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Monthly Archives: October 2017

10.30.17

Recent HIV Updates from the Centers for Disease Control and Prevention

By Sean Bland

The Centers for Disease Control and Prevention (CDC) defines the goals of its HIV prevention efforts in the United States to be preventing new HIV infections, improving health outcomes for persons living with HIV, reducing HIV-related disparities and health inequities, and continually improving the effectiveness and efficacy of operations. These goals are reflected in the […]

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10.30.17

Addressing Gendered Aspects of Tuberculosis

By Drew Aiken

  While some gendered aspects of tuberculosis are beginning to be better understood, there is limited information and focus on addressing certain risk factors and vulnerabilities that impact men and women differently. TB now kills more people than any other infectious disease, and evidence suggests that women may be more vulnerable to forms of extra-pulmonary […]

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10.27.17

SAN FRANCISCO SODA WARNING RULE CHILLS PUBLIC HEALTH EFFORTS

By O’Neill Institute

Hanhsi Indy Liu is an SJD candidate at Georgetown University Law Center. Sarah Roache is the director of  Global Health Law LL.M. Program and Capacity Building Initiative at the O’Neill Institute for National and Global Health Law. Any questions or comments on this post can be sent to: hl580@georgetown.edu. Supporters of regulations to reduce consumption of […]

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10.23.17

Statement on arrest of ISLA director, activists in Tanzania

By O’Neill Institute

On October 20, 2017, a team of human rights lawyers and activists were jailed in Dar-es-Salaam, Tanzania – a clear violation of Tanzanian and international human rights obligations. The initial arrests came on Oct. 17 after a consultation they were holding was raided by the Tanzanian police. Thirteen people were arrested. After authorities initially released […]

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10.20.17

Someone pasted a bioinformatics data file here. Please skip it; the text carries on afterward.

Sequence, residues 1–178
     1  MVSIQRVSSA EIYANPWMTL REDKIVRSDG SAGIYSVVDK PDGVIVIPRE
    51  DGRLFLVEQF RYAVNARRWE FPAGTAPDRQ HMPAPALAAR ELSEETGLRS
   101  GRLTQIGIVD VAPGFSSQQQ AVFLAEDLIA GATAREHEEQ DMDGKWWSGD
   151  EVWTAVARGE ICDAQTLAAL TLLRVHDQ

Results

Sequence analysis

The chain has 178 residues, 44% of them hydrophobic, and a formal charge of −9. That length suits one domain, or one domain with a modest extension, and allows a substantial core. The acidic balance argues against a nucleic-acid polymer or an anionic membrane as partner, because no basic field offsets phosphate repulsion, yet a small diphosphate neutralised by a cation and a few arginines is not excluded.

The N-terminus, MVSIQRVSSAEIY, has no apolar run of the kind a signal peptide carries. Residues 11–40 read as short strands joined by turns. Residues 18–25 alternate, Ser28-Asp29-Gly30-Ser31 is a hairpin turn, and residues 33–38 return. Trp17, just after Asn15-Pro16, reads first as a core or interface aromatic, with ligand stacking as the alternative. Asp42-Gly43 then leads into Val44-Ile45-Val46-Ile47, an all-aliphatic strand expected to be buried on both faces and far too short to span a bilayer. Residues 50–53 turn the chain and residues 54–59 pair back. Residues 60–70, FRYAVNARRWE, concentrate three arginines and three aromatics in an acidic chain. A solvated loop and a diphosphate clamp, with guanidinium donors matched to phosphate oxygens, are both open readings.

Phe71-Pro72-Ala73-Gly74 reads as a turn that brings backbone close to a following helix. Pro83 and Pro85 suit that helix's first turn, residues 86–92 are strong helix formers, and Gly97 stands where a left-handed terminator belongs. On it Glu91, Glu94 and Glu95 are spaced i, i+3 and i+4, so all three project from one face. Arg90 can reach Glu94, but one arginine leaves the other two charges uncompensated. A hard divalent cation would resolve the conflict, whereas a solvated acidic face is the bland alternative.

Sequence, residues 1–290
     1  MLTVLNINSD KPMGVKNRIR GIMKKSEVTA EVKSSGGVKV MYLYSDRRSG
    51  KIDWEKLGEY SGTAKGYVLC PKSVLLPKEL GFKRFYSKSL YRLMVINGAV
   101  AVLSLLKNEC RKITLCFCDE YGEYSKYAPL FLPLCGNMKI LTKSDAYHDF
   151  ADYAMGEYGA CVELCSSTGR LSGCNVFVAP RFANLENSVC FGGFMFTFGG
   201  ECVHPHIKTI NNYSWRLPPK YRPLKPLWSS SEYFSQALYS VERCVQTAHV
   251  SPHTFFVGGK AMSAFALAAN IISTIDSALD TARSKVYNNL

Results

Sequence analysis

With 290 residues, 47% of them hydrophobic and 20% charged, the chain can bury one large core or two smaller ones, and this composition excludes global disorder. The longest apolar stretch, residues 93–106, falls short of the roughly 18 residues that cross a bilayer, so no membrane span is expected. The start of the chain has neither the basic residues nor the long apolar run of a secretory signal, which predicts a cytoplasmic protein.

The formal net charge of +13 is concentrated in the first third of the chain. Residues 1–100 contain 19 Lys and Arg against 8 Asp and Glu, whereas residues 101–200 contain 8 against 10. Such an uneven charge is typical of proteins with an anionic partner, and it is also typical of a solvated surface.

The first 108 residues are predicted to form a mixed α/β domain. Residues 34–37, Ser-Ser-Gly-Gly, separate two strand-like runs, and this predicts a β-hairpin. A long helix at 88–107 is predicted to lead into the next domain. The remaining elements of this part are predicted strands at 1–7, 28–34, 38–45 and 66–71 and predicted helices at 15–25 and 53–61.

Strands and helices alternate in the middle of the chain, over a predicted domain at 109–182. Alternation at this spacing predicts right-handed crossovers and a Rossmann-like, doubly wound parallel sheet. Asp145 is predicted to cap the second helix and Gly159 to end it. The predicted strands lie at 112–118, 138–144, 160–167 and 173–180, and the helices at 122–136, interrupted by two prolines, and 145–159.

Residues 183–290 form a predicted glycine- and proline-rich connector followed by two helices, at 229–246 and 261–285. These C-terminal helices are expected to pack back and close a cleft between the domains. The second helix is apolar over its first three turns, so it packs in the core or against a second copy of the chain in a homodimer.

Uber Accessible: How Health Care Providers are Partnering with Ride-Share Companies to Improve Transportation for Non-Emergency Care

By Mehgan Gallagher

  More and more, technology is becoming a part of our everyday lives.  Increases in technology can have both positive and negative impacts.  We now live in a world where we can order anything, including food and car services on our phones.  Recently, ride share programs such as Uber and Lyft are partnering with medical […]

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10.20.17

Unconstitutional and Unacceptable: H.R. 36’s 20-Week Abortion Ban

By Rebecca Reingold

This post was written by Brenna Gautam and Rebecca Reingold. Earlier this month, on October 3, the U.S. House of Representatives passed H.R. 36, the “Pain-Capable Unborn Child Protection Act.” Under H.R. 36, it is a crime for any person to perform an abortion if the probable post-fertilization age of the fetus is 20 weeks […]

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10.17.17

A Thoughtful Comparison of the Government’s Response to Crack Epidemic of the 1980s vs. the current Opioid Epidemic: A look at criminalization, race, and treatment

By Sonia Canzater

I grew up in Brooklyn, New York in the 1980s. I saw a lot of things many children not raised in a big city never experience. One of the things I remember is seeing some of my neighbors – who had previously been vibrant people who chatted with my parents in the building lobby or […]

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10.12.17

Nobel Peace Prize 2017 and the Power of International Legal Norms

By Eric A. Friedman

With the nuclear threat is on the rise, I was a bit surprised last week when I heard that the International Campaign to Abolish Nuclear Weapons (ICAN) had won the 2017 Nobel Peace Prize. It seemed out of step with today’s reality. But as I reflected more and learned the reasoning behind the decision, the Nobel Committee’s […]

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10.05.17

New Research Offers Progress Toward Detecting and Treating Ebola

By Tom Vincent

Last week, two scientific discoveries were announced that could lead to better and earlier treatments for persons with Ebola virus disease. First, scientists at University of Texas Medical Center in Galveston have discovered a protein within the body’s immune system that plays a central role in Ebola infections. Ebola virus infections are known to cause […]

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The views reflected in this expert column are those of the individual authors and do not necessarily represent those of the O’Neill Institute for National and Global Health Law or Georgetown University. This blog is solely informational in nature, and not intended as a substitute for competent legal advice from a licensed and retained attorney in your state or country.

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